Cape Romain National Wildlife Refuge
About Cape Romain National Wildlife Refuge
Cape Romain National Wildlife Refuge.
Cape Romain National Wildlife Refuge (NWR) was established in 1932 as a migratory bird refuge. Bulls Island was added to the refuge in 1936, increasing the size of the refuge to 35,287 acres with an additional 31,000 acres of open water. Jeremy Island was added to the refuge in 2004. Cape Romain NWR is located in Charleston County, South Carolina, 20 miles northeast of Charleston, shown in green in the map to the right. The refuge encompasses a 22-mile segment of the Atlantic coast and includes barrier islands, salt marshes, intricate coastal waterways, long sandy beaches, fresh and brackish water impoundments, and maritime forests.
Cape Romain NWR has a rich diversity of mammals, birds, fish, amphibians, reptiles, mollusks, and crustaceans. This diversity is especially evident in birds, with over 293 species present. There are eight Federally-listed and eight State-listed endangered or threatened species found at Cape Romain NWR. These species include the bald eagle, least tern, loggerhead sea turtle, piping plover, wilson's plover, wood stork, American swallow-tailed kite, Red wolf, and West Indian Manatee.
Refuge Area and Class I Designation
- In 1975, Congress designated a portion of Cape Romain National Wildlife Refuge as a wilderness area, declaring that the area should remain undeveloped and "unimpaired" for future generations. The wilderness now includes 29,000 acres.
- In 1977, Congress acknowledged the uniqueness of the Cape Romain Wilderness by naming it as a Class I air quality area. As a wilderness area it is afforded special protection under the Clean Air Act.
- Congress gave the Fish and Wildlife Service (FWS), as the Federal Land Manager (FLM) of the Cape Romain Wilderness, the responsibility to protect the air quality and air quality related values (AQRVs) of the area from man-made air pollution. Despite this protection, many sources of man-made air pollution affect Cape Romain NWR including industry, power plants, and automobiles.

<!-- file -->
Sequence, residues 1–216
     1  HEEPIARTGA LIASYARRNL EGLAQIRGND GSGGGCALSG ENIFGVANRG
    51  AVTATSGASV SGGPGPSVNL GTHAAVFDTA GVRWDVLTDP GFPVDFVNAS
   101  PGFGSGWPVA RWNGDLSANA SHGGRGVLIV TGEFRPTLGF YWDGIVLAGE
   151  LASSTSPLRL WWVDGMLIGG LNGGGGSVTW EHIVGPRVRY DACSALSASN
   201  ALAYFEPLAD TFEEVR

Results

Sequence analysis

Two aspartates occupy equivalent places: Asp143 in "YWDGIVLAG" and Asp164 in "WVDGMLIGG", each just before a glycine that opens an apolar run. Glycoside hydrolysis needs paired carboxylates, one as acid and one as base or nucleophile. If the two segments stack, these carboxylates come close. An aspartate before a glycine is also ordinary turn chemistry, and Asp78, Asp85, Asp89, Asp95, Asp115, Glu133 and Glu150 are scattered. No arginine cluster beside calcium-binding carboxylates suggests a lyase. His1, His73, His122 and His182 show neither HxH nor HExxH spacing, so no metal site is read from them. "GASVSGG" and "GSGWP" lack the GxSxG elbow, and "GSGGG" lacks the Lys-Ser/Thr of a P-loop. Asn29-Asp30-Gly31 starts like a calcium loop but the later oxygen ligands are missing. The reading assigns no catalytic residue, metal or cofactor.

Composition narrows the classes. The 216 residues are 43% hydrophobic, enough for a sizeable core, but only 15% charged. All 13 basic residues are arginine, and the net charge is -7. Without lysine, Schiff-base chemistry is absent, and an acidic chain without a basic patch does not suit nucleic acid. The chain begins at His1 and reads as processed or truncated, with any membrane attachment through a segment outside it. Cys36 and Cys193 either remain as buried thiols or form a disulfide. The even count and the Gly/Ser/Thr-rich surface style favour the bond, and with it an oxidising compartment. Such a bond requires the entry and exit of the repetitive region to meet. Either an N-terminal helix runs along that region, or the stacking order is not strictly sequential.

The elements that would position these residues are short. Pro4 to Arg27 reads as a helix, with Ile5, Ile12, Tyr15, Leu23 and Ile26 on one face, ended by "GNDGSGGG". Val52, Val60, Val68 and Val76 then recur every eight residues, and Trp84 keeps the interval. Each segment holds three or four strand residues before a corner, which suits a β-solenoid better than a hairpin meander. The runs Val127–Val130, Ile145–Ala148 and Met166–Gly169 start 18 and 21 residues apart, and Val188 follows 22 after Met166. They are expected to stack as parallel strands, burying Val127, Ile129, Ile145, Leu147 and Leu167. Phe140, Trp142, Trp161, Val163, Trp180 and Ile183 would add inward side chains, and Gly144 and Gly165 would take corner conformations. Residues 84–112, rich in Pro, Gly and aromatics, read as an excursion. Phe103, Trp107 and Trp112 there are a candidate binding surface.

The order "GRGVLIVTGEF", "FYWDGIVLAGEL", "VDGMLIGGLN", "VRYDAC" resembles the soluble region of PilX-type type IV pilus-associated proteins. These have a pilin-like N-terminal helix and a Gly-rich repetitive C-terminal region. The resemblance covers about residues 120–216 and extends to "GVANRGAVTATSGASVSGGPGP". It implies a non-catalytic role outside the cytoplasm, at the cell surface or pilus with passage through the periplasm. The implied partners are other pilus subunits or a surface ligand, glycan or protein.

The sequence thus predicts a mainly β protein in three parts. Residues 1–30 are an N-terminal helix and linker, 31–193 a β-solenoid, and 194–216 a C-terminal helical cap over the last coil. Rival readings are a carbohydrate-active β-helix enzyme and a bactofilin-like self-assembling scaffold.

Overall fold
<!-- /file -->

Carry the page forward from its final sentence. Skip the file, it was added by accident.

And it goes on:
- The FWS and the State of South Carolina are working cooperatively with industry and regional utilities to control air pollutant emissions in order to protect Cape Romain NWR. The FWS has begun a program to better understand air pollution causes and effects at Cape Romain NWR.
- If Cape Romain NWR is not protected, unique wildlife and scenic values will be threatened or even lost, as has happened along much of the Atlantic Coast. The FWS hopes to preserve and protect this special area of wilderness for future generations.
Learn more about air quality at Cape Romain
FWS monitors air quality in Cape Romain NWR in partnership with two national programs. Atmospheric pollutants in rain are analyzed as part of the National Atmospheric Deposition Program (NADP - the "acid rain" program). Fine particles responsible for visibility impairment are measured as part of the Interagency Monitoring of Protected Visual Environments (IMPROVE) program. In addition, the South Carolina Department of Health and Environmental Control (SCDHEC) monitors concentrations of ozone in the air at Cape Romain. Within this site are the resources to discover why air pollution poses a threat to Cape Romain NWR and what the FWS is doing to prevent the deterioration of air quality in this pristine area.
- Learn the basics of air quality - Air Quality
- Understand what are the air quality related values - AQRV
- Learn about how air quality can affect natural and scenic resources - Impacts
- Find real time monitoring data and studies being performed at the refuge - Studies & Monitoring
Regional Air Quality Information (as provided by NPS)
Cape Romain NWR Website
Cape Romain NWR 300km Radius Map (PDF 591KB)